My Barkbusters are now only about 4mm from the dash/gauge cluster on full bar rotation so that worked out well. The cables on left and right side have a tighter bend radius but still not too bad.

 

The seating position feels less cramped when I sat on it in the garage. Looking forward to riding it tomorrow to see how much difference it has really made.

Link to comment
Share on other sites

You most likely dont need them unless you are really tall like 2 meters (for T7)… 

 

  • Like 1
Link to comment
Share on other sites

Just finished the riser flipped mod...

Access to the lower cap nuts was no problem (using a long extension plus universal joint), BUT... when I pulled out the riser, one washer (located on top of the triple clamp, not the one between cap nut and triple clamp) fell out, made a soft "cling" somewhere in the bike and it was gone.

 

Knowing what can go wrong if you're panicking and hurrying, I tried to remain calm and concentrated and patient (remembering Pirsig's philosophy), systematically trying to find out where the washer did go and not making things worse.

Long story short, it wasn't in the skid, on the floor or in any other hidden spot I had been searching. About an hour after removing both side panels, it fell into my hand 😅😅😅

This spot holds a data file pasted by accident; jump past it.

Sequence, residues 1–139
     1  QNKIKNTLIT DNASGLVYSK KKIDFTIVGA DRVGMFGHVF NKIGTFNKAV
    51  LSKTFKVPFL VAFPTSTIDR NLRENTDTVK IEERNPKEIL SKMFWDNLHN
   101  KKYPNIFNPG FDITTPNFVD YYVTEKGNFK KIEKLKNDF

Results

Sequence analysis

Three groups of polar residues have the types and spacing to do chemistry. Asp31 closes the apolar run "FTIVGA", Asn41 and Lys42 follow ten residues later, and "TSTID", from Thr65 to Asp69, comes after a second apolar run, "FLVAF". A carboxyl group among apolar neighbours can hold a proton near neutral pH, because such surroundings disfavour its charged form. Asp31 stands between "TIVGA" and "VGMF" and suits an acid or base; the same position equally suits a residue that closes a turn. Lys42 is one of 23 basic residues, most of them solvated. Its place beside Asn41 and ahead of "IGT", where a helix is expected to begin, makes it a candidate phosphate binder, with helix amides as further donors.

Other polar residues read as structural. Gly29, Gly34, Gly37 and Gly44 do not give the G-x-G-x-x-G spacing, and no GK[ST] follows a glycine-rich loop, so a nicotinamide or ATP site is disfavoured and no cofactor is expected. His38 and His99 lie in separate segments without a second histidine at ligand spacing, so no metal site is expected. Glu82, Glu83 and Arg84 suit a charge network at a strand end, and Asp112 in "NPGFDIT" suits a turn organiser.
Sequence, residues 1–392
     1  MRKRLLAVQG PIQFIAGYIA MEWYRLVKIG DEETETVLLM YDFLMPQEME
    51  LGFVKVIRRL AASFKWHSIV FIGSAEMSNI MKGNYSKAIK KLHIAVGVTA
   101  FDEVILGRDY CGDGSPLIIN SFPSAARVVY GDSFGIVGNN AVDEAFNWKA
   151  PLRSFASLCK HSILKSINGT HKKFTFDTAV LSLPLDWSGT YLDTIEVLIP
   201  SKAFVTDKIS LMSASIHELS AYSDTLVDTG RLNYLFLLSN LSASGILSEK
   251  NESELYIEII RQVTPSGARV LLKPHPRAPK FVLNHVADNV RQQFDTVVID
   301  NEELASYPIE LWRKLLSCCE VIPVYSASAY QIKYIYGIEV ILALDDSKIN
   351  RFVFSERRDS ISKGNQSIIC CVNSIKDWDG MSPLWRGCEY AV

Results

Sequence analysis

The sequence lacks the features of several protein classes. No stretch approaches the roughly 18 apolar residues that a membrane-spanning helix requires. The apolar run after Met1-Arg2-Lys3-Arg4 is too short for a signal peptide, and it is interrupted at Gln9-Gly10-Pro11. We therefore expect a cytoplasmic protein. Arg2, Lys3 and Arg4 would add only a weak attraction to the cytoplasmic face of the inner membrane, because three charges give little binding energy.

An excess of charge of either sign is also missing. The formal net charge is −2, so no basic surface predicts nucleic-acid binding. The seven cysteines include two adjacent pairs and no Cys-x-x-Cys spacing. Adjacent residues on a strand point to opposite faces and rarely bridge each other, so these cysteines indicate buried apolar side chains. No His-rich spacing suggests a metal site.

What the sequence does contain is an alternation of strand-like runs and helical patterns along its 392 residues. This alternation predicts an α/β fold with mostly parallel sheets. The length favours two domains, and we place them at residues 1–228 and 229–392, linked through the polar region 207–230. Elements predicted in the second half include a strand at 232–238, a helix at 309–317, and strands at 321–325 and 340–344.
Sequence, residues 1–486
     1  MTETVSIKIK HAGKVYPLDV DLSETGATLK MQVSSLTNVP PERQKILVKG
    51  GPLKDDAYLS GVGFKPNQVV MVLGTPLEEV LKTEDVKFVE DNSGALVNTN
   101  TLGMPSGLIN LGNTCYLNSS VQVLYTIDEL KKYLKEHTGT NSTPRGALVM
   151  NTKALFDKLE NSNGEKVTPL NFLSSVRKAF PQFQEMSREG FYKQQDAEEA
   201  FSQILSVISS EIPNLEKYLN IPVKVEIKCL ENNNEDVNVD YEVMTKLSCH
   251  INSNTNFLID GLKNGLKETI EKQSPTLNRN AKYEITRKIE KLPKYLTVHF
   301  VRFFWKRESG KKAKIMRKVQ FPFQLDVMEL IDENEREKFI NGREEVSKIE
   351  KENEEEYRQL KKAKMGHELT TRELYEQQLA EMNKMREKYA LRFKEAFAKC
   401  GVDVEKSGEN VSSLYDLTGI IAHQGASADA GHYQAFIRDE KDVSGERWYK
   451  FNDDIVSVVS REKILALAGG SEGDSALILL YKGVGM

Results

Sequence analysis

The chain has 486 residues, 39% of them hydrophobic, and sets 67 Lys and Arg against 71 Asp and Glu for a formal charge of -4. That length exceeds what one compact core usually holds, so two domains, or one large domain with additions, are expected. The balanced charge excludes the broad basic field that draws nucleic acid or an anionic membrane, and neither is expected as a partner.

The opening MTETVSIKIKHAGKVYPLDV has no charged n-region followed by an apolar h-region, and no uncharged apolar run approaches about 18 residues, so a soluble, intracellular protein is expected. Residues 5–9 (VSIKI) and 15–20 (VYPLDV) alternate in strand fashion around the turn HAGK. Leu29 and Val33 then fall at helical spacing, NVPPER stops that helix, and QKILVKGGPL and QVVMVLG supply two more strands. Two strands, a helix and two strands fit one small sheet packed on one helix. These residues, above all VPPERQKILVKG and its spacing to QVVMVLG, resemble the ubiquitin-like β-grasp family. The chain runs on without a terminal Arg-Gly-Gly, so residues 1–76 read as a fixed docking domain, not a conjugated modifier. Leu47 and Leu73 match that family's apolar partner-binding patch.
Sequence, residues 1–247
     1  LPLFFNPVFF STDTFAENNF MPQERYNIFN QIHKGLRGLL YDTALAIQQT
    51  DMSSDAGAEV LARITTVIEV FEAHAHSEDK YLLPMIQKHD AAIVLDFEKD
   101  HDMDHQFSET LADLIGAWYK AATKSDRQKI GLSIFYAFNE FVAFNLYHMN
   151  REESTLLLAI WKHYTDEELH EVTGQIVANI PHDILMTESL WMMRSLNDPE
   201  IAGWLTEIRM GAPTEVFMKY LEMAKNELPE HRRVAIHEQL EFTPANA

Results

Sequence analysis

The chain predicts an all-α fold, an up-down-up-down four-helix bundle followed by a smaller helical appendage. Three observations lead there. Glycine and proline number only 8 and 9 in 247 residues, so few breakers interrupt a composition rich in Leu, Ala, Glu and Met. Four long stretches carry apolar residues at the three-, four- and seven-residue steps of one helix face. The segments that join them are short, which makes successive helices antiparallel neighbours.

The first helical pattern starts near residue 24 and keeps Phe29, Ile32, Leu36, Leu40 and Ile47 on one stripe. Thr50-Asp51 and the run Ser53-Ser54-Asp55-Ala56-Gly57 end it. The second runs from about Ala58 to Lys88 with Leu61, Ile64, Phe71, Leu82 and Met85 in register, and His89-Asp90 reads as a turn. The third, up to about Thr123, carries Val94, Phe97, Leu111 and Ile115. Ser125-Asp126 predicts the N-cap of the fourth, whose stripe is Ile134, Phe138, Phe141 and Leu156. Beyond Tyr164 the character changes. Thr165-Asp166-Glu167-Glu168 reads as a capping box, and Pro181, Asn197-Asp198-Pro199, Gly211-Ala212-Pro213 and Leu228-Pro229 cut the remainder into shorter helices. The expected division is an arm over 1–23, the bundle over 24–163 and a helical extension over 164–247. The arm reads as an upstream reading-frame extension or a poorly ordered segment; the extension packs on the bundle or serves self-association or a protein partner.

Still don't know where exactly it sat.

 

So take care. Haven't ridden her yet, but even in standstill it feels better when standing on the pegs. I expect a more direct reaction to steering inputs (since the bars are now closer to the steering axis).

  • Like 1
Link to comment
Share on other sites

15 hours ago, Maty said:

You most likely dont need them unless you are really tall like 2 meters (for T7)… 

 

This is one of the videos that stopped me thinking about adding after-market risers. I'm not one for adding unnecessary weight or complexity anyway. When I saw the video I mentioned above show that you could get a bit more room by just rotating the stock risers it made sense to try it. I'm 190cm tall and I do find the T7 a bit cramped, particularly when standing. If I can find some foot pegs that sit 10 - 2omm lower and about 10mm further back I'll probably try them too as the current setup seems to be for those with average sized feet and that makes shifting gears harder than it should be for me.

  • Like 1
Link to comment
Share on other sites

52 minutes ago, luke29ermtb said: